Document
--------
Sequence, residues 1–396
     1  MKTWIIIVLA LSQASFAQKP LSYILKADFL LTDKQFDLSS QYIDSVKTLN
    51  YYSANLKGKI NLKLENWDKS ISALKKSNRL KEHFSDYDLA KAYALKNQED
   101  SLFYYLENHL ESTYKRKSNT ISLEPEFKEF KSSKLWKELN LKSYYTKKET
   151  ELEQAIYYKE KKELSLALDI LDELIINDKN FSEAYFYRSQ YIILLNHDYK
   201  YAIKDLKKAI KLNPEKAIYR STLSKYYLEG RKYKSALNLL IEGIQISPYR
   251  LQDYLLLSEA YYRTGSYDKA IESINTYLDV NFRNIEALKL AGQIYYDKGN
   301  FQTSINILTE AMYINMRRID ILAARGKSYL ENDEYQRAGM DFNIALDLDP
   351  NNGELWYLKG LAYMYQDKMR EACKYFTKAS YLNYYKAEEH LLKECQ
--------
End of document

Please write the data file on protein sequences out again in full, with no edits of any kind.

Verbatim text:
Sequence, residues 1–396
     1  MKTWIIIVLA LSQASFAQKP LSYILKADFL LTDKQFDLSS QYIDSVKTLN
    51  YYSANLKGKI NLKLENWDKS ISALKKSNRL KEHFSDYDLA KAYALKNQED
   101  SLFYYLENHL ESTYKRKSNT ISLEPEFKEF KSSKLWKELN LKSYYTKKET
   151  ELEQAIYYKE KKELSLALDI LDELIINDKN FSEAYFYRSQ YIILLNHDYK
   201  YAIKDLKKAI KLNPEKAIYR STLSKYYLEG RKYKSALNLL IEGIQISPYR
   251  LQDYLLLSEA YYRTGSYDKA IESINTYLDV NFRNIEALKL AGQIYYDKGN
   301  FQTSINILTE AMYINMRRID ILAARGKSYL ENDEYQRAGM DFNIALDLDP
   351  NNGELWYLKG LAYMYQDKMR EACKYFTKAS YLNYYKAEEH LLKECQ